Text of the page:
Jobs To Be Cut At Tata Steel In Scunthorpe
20 October 2015, 10:17 | Updated: 30 March 2016, 13:50
Tata Steel's announced it's cutting 900 jobs at its plant in Scunthorpe.
There are currently around 4,000 people working in the steel industry in Scunthorpe - the biggest in the private sector in the area and supports thousands more in the region.
Rumours that jobs at the plant would go began on Friday, following a 'steel summit' held in Rotherham.
Steelworker Dave Cox opened a petition on the Government's website saying:
"If Scunthorpe steel works was to close its doors, Scunthorpe would be a ghost town.''
On Monday it already had more than 6,000 signatures and others had attracted thousands more.
North Lincolnshire Council has already set up a task force to deal with the fall-out from the job losses.
Scunthorpe is one of Tata's two integrated steel works in the UK. The other is at Port Talbot, in South Wales. This means it makes steel from the beginning of the process to a full range of finished products.
And Scunthorpe steel has featured in structures around the world.
Only recently, the plant announced it had supplied a million tonnes of rails for the UK's train network in one year.
In a statement, Tata Steel have told us:
"Restructure announced at Tata Steel's Long Products Europe business Tata Steel's Long Products Europe business today announced proposals to stop production of steel plate. This comes in response to a shift in market conditions caused by a flood of cheap imports, particularly from China, a strong pound and high electricity costs.
As a result, Tata Steel has been forced to make changes to its Long Products Europe business. The proposed changes would lead to around 1,200 job losses - about 900 in Scunthorpe and 270 in Scotland as well as a small number at other Long Products Europe sites.
Plate mills in Scunthorpe, Dalzell and Clydebridge would be mothballed while one of the two coke ovens at the Scunthorpe steelworks would be closed."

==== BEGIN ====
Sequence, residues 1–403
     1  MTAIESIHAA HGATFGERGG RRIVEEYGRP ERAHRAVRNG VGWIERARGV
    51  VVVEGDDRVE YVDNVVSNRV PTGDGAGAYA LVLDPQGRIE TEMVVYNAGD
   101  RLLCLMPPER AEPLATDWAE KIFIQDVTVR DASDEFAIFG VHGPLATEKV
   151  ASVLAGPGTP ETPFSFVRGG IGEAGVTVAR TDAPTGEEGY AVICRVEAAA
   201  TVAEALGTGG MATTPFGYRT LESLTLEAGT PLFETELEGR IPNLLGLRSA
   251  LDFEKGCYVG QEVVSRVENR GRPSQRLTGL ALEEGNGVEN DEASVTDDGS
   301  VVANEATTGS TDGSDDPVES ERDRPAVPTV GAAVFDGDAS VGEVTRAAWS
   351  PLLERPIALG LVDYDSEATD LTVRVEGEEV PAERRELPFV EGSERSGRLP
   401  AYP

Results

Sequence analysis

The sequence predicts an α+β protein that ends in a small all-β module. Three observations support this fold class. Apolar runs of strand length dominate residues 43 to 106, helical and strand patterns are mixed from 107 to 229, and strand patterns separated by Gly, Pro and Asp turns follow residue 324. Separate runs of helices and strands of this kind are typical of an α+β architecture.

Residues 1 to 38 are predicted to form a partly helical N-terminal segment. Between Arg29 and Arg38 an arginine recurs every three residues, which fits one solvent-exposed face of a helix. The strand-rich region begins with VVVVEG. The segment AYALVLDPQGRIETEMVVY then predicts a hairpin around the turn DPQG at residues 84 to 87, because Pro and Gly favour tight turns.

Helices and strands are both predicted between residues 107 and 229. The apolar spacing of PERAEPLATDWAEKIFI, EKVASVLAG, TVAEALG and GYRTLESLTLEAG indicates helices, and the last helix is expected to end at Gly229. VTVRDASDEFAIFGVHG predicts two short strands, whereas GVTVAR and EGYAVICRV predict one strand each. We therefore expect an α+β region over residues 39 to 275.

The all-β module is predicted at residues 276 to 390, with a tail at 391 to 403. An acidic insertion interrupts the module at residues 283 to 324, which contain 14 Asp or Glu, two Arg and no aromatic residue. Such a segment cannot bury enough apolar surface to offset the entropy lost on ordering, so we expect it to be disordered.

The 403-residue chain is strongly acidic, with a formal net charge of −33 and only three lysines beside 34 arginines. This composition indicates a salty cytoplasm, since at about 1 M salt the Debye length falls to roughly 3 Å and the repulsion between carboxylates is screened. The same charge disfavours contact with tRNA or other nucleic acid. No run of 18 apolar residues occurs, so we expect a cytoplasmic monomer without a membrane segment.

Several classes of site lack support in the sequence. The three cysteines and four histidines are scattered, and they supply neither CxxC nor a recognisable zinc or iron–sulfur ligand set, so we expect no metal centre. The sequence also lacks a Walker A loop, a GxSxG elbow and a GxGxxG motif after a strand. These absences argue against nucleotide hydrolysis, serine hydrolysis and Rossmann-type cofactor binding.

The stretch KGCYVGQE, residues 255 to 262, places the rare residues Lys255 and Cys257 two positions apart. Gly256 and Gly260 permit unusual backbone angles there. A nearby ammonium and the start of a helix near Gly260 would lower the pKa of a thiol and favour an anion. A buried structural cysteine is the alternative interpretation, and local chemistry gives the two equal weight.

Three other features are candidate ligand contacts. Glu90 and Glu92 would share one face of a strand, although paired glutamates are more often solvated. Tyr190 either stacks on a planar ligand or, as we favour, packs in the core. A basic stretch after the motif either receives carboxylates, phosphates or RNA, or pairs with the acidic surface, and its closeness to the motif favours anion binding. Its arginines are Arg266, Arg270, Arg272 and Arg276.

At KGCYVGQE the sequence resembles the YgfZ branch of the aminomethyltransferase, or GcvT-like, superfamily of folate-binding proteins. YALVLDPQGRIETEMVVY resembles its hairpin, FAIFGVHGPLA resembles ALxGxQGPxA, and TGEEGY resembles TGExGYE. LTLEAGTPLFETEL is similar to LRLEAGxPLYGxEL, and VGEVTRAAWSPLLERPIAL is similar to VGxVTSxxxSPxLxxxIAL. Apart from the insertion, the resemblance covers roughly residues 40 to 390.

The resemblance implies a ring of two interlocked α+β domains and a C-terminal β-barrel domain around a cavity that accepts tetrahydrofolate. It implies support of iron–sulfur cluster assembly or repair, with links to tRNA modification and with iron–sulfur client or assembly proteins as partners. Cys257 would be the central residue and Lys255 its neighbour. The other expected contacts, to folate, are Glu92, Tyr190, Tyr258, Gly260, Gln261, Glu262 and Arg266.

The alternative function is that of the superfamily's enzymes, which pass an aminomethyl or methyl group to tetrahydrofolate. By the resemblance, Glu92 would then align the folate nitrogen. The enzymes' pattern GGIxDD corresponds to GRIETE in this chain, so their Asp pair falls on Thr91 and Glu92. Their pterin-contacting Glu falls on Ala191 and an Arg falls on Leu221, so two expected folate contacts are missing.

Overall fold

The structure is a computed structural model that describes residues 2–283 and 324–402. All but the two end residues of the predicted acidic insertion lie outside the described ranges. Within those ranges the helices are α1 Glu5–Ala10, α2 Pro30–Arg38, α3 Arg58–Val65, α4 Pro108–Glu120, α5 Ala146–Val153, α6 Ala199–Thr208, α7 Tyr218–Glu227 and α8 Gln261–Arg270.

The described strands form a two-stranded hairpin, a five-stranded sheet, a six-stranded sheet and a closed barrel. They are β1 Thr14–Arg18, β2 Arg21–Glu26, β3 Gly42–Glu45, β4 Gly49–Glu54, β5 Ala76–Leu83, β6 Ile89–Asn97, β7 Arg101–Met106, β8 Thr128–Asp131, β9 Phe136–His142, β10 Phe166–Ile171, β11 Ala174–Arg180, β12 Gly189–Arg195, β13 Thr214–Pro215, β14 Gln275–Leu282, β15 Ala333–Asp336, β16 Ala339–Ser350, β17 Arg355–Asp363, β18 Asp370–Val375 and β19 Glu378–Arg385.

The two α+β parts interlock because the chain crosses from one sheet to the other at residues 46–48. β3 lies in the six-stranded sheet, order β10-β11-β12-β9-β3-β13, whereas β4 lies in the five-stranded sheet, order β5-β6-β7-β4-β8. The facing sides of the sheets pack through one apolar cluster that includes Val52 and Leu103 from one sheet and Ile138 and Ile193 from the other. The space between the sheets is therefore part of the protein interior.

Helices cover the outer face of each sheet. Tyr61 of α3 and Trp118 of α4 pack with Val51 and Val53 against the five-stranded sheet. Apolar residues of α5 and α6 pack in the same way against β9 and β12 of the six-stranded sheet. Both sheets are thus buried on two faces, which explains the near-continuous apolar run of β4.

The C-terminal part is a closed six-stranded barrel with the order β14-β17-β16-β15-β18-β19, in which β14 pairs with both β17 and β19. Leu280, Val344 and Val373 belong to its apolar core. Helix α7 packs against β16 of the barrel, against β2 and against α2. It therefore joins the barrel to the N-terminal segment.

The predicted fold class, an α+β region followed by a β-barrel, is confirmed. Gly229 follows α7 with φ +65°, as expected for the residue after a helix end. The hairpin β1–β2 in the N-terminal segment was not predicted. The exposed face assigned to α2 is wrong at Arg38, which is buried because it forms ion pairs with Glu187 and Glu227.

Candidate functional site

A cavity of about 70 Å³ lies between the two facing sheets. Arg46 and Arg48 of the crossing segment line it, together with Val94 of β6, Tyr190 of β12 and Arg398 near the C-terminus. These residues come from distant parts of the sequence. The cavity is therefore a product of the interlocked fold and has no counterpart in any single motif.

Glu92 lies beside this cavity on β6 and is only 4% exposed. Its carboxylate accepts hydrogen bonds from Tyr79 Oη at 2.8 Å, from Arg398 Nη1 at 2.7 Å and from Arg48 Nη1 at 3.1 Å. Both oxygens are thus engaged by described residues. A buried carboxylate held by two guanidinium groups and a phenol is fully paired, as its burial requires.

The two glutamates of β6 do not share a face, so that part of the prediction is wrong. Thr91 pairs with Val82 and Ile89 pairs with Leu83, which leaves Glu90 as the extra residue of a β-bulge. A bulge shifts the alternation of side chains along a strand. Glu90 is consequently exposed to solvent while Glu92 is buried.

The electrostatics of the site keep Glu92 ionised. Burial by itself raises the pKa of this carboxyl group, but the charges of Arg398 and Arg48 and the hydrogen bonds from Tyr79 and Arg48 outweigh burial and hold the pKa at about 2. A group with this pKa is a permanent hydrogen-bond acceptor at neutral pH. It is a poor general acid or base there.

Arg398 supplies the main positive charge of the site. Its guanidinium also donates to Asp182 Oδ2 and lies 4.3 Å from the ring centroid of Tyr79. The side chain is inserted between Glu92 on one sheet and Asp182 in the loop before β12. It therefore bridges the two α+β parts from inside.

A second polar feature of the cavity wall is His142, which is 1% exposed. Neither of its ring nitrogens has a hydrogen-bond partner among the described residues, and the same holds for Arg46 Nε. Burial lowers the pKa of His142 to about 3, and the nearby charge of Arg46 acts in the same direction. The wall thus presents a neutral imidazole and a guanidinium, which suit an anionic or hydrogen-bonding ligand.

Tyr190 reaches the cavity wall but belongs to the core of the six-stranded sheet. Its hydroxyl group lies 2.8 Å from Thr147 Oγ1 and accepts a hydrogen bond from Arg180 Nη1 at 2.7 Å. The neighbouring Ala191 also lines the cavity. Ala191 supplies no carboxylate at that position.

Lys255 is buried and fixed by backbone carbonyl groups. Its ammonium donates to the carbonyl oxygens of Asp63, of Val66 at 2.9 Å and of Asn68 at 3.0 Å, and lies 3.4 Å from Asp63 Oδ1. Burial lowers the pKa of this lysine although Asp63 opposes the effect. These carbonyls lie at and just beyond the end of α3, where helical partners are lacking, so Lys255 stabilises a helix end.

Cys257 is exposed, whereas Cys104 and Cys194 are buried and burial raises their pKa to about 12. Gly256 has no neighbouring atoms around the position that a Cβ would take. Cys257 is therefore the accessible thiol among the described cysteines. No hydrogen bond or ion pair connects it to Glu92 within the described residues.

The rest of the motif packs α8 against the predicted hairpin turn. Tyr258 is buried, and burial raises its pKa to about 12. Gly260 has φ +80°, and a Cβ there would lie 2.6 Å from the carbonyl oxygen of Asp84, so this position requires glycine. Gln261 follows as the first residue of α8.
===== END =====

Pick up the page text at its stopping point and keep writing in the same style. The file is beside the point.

Karl Koehler, Chief Executive of Tata Steel's European operations, said:
"I realise how distressing this news will be for all those affected. We have looked at all other options before proposing these changes. "We will work closely with affected employees and their trade union representatives. We will look to redeploy employees, wherever possible, and minimise employee hardship.
"The UK steel industry is struggling for survival in the face of extremely challenging market conditions. This industry has a crucial role to play in rebalancing the UK economy, but we need a fairer system to encourage growth. The European Commission needs to do much more to deal with unfairly traded imports - inaction threatens the future of the entire European steel industry."
In the past two years, imports of steel plate into Europe have doubled and imports from China have quadrupled, causing steel prices to fall steeply. At the same time, a stronger pound has undermined the competitiveness of the business's Europe-bound exports, and encouraged more imports. In response, Tata Steel is concentrating on higher-value markets with a focus on developing stronger and lighter products for its customers.
Bimlendra Jha, Executive Chairman of the stand-alone Long Products Europe business, said:
"Today's proposals mark the next step in reshaping our business to give it the best chance of survival in this fiercely-competitive global marketplace. We are looking closely at the performance of all parts of Long Products Europe as part of a focus on returning to profitability."
The consultation process with Tata Steel employees and their trade union representatives begins today.
Tata Steel's subsidiary UK Steel Enterprise will look at how it can provide more support to the local communities affected by today's announcement and help stimulate new job creation in those areas.
Over the last four decades the company has helped to regenerate local economies with £88 million of support and created more than 75,000 new jobs across the UK.